Entrectinib Impresses for ROS1-Positive NSCLC


Treatment with entrectinib induced an objective response rate of 68.8% by blinded independent central review, which included 2 complete responses (6.3%), for patients with ROS1 fusion-positive advanced non–small cell lung cancer.

Myung-Ju Ahn, MD

Treatment with entrectinib induced an objective response rate (ORR) of 68.8% by blinded independent central review (BICR), which included 2 complete responses (6.3%), for patients with ROS1 fusion-positive advanced non—small cell lung cancer (NSCLC), according to findings presented at the 2017 World Conference on Lung Cancer (WCLC).1

Entrectinib, a potent and selective inhibitor of ROS1 and TRK, also demonstrated activity in the central nervous system (CNS), with an intracranial ORR by BICR of 83.3% for those with measurable CNS lesions at baseline (95% CI, 35.9%-99.6%). Furthermore, the agent was well tolerated, with most treatment-related adverse events (AEs) being grade 1 or 2 in severity.

"Entrectinib demonstrated clinically meaningful and durable benefit in ROS1-positive NSCLC," said investigator Myung-Ju Ahn, MD, Division of Hematology-Oncology, Department of Medicine, Samsung Medical Center. "In addition, entrectinib demonstrated strong CNS activity, the response rate was 83% in patients with measurable CNS disease at baseline."

The efficacy findings presented at WCLC were for 32 patients with ROS1-positive NSCLC treated with entrectinib in the phase II STARTRK-2 trial, phase I STARTRK-1 study, and the phase I ALKA-372-001 trial. Safety findings were from 203 patients with various histologies and genetic alterations treated with entrectinib across the 3 basket studies. The data cutoff for the analysis was September 13, 2017.

For the 32 ROS1 fusion-positive patients, the median age was 52 years, 72% were female, and 38% were Asian. ECOG performance status (PS) was primarily 0 or 1 (91%), with 9% of patients having an ECOG PS of 2. Most patients were never smokers (72%) and 50% had received ≥3 prior therapies, primarily chemotherapy (84%). Thirty-four percent of patients (n = 11) had CNS metastases at baseline, 4 of which had not yet received prior treatment for CNS metastases.

By investigator assessment, the ORR was 78.1% with entrectinib (95% CI, 60.0%-90.7%), with an ORR of 72.7% in those specifically with CNS disease at baseline (8 of 11). Variation between investigator response and BICR were due to a lack of post-baseline scans for 3 patients and 2 patients having non-measurable disease by BICR.

"The duration of treatment is quite durable," said Ahn. "There are patients who have been on entrectinib treatment for more than 3 years, and many of them are ongoing for 1 to 2 years."

Across the 3 studies, entrectinib showed mild toxicity, with no treatment-related grade 4 or 5 AEs reported. Treatment-related AEs led to a dose interruption for 32% of patients and dose reductions were required for 19% of patients; however, treatment-related AEs led to treatment discontinuation for just 3% of patients, Ahn noted.

The most common AEs of any grade were dysgeusia (38%), fatigue (29%), constipation (23%), dizziness (23%), weight increase (19%), diarrhea (17%), nausea (16%), and paresthesia (16%). The most frequent treatment-related grade 3 AEs were weight increase (5%), anemia (4%), and fatigue (3%). Overall, serious treatment-related AEs were experienced by 9% of patients.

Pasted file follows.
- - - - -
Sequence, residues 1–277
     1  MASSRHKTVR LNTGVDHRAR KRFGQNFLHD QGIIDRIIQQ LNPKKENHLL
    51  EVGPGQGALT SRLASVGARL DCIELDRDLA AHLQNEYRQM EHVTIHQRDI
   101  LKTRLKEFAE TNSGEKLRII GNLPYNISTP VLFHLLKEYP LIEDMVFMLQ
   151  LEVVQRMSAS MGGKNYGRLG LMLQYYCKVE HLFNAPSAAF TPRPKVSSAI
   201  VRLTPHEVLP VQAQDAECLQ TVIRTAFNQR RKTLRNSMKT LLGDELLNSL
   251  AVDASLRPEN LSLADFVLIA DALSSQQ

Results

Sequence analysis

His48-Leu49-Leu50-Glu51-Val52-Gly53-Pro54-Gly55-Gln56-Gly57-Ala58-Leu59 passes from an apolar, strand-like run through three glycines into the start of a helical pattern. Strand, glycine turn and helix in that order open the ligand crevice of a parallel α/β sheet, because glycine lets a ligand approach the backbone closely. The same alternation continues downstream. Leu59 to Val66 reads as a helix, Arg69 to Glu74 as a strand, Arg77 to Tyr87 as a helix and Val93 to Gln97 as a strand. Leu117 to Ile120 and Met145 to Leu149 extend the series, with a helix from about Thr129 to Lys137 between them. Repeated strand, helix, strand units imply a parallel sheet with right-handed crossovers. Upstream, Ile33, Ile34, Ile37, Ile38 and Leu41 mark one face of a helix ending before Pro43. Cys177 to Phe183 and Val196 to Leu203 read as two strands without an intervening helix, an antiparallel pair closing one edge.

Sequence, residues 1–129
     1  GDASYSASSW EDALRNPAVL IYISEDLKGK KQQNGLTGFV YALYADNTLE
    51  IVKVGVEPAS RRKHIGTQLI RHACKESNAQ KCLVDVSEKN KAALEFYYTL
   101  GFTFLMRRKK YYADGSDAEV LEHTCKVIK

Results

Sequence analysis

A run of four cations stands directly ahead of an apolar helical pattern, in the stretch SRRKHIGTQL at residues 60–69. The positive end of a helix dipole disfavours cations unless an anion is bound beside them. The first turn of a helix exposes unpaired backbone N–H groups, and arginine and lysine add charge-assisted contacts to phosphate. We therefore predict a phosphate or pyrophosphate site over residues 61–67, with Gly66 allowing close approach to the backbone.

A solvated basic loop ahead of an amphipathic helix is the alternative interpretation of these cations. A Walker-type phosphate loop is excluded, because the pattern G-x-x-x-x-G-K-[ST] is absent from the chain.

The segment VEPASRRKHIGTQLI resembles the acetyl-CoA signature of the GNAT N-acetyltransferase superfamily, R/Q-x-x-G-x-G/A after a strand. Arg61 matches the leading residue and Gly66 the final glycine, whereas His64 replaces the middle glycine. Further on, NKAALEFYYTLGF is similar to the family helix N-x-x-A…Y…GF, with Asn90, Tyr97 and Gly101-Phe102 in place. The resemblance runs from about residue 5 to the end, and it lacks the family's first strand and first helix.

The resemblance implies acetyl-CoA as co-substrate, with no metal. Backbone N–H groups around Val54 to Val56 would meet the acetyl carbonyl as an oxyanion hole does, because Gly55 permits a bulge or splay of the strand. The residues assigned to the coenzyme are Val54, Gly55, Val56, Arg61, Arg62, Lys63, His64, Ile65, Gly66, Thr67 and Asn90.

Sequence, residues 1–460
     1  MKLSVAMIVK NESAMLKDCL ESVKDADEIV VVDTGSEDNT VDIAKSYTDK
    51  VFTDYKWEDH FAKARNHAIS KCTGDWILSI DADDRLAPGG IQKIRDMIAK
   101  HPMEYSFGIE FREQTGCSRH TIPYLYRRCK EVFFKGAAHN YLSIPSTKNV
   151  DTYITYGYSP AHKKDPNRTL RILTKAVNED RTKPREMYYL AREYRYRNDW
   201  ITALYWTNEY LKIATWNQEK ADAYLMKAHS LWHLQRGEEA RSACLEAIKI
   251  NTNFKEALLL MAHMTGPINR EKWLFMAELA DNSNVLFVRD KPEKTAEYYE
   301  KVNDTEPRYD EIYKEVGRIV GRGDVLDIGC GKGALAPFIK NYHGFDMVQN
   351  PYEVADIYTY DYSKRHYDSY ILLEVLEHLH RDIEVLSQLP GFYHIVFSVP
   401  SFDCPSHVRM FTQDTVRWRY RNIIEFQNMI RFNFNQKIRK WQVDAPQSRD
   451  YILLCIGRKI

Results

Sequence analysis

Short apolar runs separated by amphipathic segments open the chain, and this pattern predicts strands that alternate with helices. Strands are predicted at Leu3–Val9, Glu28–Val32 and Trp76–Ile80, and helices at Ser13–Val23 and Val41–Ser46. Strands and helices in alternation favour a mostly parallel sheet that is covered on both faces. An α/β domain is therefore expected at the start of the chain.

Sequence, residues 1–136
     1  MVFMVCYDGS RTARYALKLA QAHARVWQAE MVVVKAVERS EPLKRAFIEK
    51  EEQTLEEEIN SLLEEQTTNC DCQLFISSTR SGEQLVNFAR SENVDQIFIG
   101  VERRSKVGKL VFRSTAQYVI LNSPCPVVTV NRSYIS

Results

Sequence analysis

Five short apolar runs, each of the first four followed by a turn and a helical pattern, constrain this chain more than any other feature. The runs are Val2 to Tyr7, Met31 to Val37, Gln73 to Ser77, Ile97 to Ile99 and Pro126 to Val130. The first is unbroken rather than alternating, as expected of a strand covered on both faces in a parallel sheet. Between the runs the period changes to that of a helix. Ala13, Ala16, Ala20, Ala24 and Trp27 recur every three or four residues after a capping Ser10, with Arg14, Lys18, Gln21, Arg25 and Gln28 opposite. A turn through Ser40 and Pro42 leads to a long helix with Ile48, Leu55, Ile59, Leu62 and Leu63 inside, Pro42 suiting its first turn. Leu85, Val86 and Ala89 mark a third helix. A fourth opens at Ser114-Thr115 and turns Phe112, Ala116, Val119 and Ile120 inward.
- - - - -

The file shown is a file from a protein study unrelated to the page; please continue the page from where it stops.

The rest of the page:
"Weight gain was through increased appetite or calorie intake, which is most likely due to the mechanism of action of entrectinib. This is good for patients, since most patients are satisfied with their increase in appetite," Ahn said.

The only currently FDA-approved agent for the treatment of ROS1-mutant NSCLC is crizotinib (Xalkori); although a head-to-head comparison is unlikely, in preclinical work, entrectinib was 30 times more potent against ROS1 than crizotinib, Ahn noted. Moreover, entrectinib was designed to cross the blood-brain barrier, a trait that crizotinib lacks.

In addition to findings for ROS1, entrectinib has also demonstrated promising results for patients with NTRK-positive NSCLC. In findings for this population presented at the 2016 AACR annual meeting,2 the ORR in those with NTRK rearrangements (n = 5) was 100%. Based on these findings, the FDA granted the agent a breakthrough therapy designation in May 2017.

Several studies continue to enroll patients to investigate entrectinib, including the global phase II STARTRK-2 trial, which includes patients with NTRK 1/2/3, ROS1, or ALK gene rearrangements, regardless of cancer type (NCT02568267). Based on communications with the FDA, Ignyta, the company developing entrectinib, anticipates submission of a new drug application for the treatment in 2018.


  1. Ahn M-J, Cho BC, Siena S, et al. Entrectinib in patients with locally advanced or metastatic ROS1 fusion-positive non-small cell lung cancer (NSCLC). Presented at: IASLC 18th World Conference on Lung Cancer; October 15-18, 2017; Yokohama, Japan. Abstract 8564.
  2. Drilon A, De Braud FG, Siena S, et al. Entrectinib, an oral pan-Trk, ROS1, and ALK inhibitor in TKI-naïve patients with advanced solid tumors harboring gene rearrangements. Presented at the 2016 AACR Annual Meeting; April 16-20, New Orleans, Louisiana. Abstract CT007.

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Overall, 53% of patients remained on the study and continued to receive treatment with entrectinib. By BICR, after a median follow-up of 12.9 months, the median duration of response was 28.6 months (95% CI, 6.8-34.8). After a median follow-up of 8.5 months, the median progression-free survival was 29.6 months with entrectinib (95% CI, 7.7-36.6).

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